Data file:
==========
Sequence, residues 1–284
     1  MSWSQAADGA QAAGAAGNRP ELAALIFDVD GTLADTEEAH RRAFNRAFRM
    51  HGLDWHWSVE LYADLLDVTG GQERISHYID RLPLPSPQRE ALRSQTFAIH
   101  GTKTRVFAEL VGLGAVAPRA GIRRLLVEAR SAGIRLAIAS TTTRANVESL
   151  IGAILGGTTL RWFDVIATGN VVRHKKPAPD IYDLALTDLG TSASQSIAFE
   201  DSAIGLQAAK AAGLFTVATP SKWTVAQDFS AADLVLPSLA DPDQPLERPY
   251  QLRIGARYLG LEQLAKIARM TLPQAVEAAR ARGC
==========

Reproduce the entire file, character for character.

Sequence, residues 1–284
     1  MSWSQAADGA QAAGAAGNRP ELAALIFDVD GTLADTEEAH RRAFNRAFRM
    51  HGLDWHWSVE LYADLLDVTG GQERISHYID RLPLPSPQRE ALRSQTFAIH
   101  GTKTRVFAEL VGLGAVAPRA GIRRLLVEAR SAGIRLAIAS TTTRANVESL
   151  IGAILGGTTL RWFDVIATGN VVRHKKPAPD IYDLALTDLG TSASQSIAFE
   201  DSAIGLQAAK AAGLFTVATP SKWTVAQDFS AADLVLPSLA DPDQPLERPY
   251  QLRIGARYLG LEQLAKIARM TLPQAVEAAR ARGC